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Meet Tai Shani, Tutor, MA Contemporary Art Practice

a cultural awareness, a political awareness is very much at the core of how we teach
Tai Shani
The exploration and representation of feminine excess is a core focus of Tai Shani’s artistic practice. This includes her Turner Prize winning body of work DC: Semiramis, which has been presented in different variations at Glasgow International, The Tetley, Leeds, Nottingham Contemporary and the De Le Warr Pavilion, Bexhill-on-Sea. 

The installation, performance and film work combines historical texts with contemporary references to explore themes of feminism and otherness through a gothic, science-fiction lens. 

installation view of Tai Shani's work Dark Continent
Dark Continent, Tai Shani 2019
installation view, Turner Prize 2019 at Turner Contemporary
Photographer: David Levene
‘The epic has always been something that I’ve been interested in’ Tai explained, as well as ‘science fiction, world making, how subjectivities are constructed, and the role of the feminine within subjectivities.’ 

Writing is often at the core of her work, which moves fluidly between different media. 

‘The writing will build an affective image, then I try to pick out tones and interpret them into objects, installations, photographs, films – it depends really what feels right at the time, I don’t think about the medium first.’

students come with a sense of what they want to do as artists, and it’s an incredible opportunity to give them tools to conserve their integrity
Tai Shani
This approach influences Tai’s teaching on the Contemporary Art Practice programme, which she describes as very responsive and conversational, adding that ‘a cultural awareness, a political awareness [...] is very much at the core of how we teach.’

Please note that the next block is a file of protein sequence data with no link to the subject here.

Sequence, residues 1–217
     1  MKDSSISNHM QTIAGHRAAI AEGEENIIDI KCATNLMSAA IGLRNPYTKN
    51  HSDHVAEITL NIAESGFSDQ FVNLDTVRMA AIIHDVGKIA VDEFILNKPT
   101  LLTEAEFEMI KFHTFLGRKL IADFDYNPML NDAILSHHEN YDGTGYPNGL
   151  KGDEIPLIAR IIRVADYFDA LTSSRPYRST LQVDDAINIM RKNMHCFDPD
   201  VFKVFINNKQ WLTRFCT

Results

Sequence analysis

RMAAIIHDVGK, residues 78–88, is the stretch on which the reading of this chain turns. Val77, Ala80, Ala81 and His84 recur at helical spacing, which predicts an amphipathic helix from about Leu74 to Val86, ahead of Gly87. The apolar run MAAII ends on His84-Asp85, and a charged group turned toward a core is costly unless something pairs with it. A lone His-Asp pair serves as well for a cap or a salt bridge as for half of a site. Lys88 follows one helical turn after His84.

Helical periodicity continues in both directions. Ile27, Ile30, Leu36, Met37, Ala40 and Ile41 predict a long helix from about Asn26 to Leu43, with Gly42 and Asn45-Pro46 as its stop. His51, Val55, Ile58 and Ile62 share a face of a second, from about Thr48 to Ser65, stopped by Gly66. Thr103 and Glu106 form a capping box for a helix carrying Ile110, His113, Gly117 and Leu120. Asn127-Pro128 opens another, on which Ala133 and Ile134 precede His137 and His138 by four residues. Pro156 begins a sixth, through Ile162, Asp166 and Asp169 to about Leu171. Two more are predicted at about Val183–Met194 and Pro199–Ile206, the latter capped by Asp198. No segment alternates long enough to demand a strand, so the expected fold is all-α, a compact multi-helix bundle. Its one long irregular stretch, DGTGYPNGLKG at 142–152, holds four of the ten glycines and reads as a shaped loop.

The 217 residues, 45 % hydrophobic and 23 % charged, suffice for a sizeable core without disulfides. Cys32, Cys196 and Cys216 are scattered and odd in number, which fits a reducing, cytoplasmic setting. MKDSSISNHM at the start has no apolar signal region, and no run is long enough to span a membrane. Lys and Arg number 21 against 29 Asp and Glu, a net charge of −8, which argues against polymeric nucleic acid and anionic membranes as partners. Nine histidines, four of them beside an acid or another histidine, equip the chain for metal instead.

Work made on the programme is not determined by technology or material, rather it provides an environment where students explore their own positions on contemporary issues surrounding thinking about, making and displaying fine art. 

In Tai’s words students that come to do an MA at the Royal College of Art, come with a sense of what they want to do as artists, and it’s an incredible opportunity to give them tools to conserve their integrity.’

Dark Continent by Tai Shani
Dark Continent by Tai Shani
The discursive context that the programme creates has the potential to make a profound impact on the students.

As Tai summarises: ‘The conversations that they have, not just with staff but with each other, gives them a footing that then extends beyond being artists, it also makes you think critically about the world, it makes you think about how we relate to one another, which is really fundamental.’


Learn more about Tai and our Contemporary Art Practice MA.